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May 2, 2011 | by  | in Arts Theatre |
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The New Zealand International Comedy Festival 2011

Laughter doesn’t suit me.

Whereas some lucky souls have the ability to transform themselves through laughter into seemingly angelic entities, positively brimming with radiance and joy, I am doomed to mutate with every torrent of giggles into something rather less cinematic. So it is with a touch of trepidation that I look forward to the New Zealand International Comedy Festival. Rioting through Wellington from 29 April until 22 May, the Festival offers everything from stand-up to musical comedy, so rest assured that your favourite flavour of funny is on offer. There will be Salient reviewers braving laughter-inspired facial disfigurement for five of the upcoming Comedy Festival shows, all of which I seem to have an opinion on, despite not yet having seen them.

The Boy with Tape on his Face by Sam Wills: May 2 – 7 at San Francisco Bathhouse. I predict an engaging, surprising and altogether charming silent-comedy from this man, along with a fair bit of audience participation.

Grown Up by Brad Zimmerman: May 3 – 7 at Club Ivy. I predict a show which will be enjoyed by anyone who isn’t totally sure how to go about becoming an ‘adult’ and wonders whether it really has to happen to them. I hear that it’s highly relatable and should be a little gem.

Dan is Dead / I am a Yeti by Natalie Medlock and Dan Musgrove: May 10 – 14 at BATS.
I predict that you’ll either love or, ummm, strongly dislike this zany new work from the powerfully observant comedy duo. It could be hilarious but maybe only if you’re a cool kid from Auckland.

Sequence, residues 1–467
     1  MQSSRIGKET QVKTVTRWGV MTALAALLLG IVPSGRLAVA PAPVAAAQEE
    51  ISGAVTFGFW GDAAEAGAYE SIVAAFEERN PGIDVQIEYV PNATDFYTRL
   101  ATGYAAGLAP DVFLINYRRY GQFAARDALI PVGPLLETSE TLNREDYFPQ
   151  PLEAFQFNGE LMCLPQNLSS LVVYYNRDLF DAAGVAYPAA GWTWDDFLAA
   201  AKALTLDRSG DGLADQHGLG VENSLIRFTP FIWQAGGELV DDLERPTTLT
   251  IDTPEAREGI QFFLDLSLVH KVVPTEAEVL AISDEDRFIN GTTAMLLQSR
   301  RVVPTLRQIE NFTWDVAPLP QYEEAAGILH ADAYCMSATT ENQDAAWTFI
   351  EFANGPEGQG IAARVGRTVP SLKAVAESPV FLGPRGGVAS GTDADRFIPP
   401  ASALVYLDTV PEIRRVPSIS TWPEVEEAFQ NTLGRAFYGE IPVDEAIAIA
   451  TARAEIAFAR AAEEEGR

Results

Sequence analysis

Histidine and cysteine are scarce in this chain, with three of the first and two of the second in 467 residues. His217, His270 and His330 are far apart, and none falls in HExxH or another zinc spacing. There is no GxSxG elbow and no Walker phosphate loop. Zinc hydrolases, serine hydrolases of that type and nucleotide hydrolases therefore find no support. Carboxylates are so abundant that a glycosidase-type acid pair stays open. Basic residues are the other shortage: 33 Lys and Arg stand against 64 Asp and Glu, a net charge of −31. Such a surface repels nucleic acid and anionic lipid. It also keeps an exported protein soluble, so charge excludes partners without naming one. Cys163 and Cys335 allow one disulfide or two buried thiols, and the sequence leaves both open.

Messenger (Please Do Not Shoot) by Danny Bhoy: May 13 – 14 at the Opera House. I predict that Salient might not be able to get tickets to this show since it’s nearly sold out. Danny Bhoy is mind-bendingly, heart-wrenchingly, spine-tinglingly funny. He is also Irish and just a tad easy on the eyes. I consider it my duty to watch his show and so should you.

Politics the Musical by the Improvisors: May 17 – 21 at Circa Two. I predict that those who don’t know a thing about politics will have a cracker of a time at this show but that those who do will have even more fun.

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Comments (4)

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  1. Samana says:

    Louise, if you know that Danny Bhoy is as funny as you say he is, then I would have thought you would know that is not Irish. He is SCOTTISH.

  2. Louise Burston says:

    I was all set to defend my claim of his being Irish with impenetrable lines of defense such as “but the man sounds Irish – how do you explain that?”

    Then I looked on YouTube and found this:

    So. Umm… Scottish, you say? My bad.

  3. Hamish Noonan says:

    christ what an overcooked and pointless article

  4. Louise Burston says:

    Cheers for the feedback, Hamish. I’m flattered that an article which I wrote nearly a year ago has attracted such attention.

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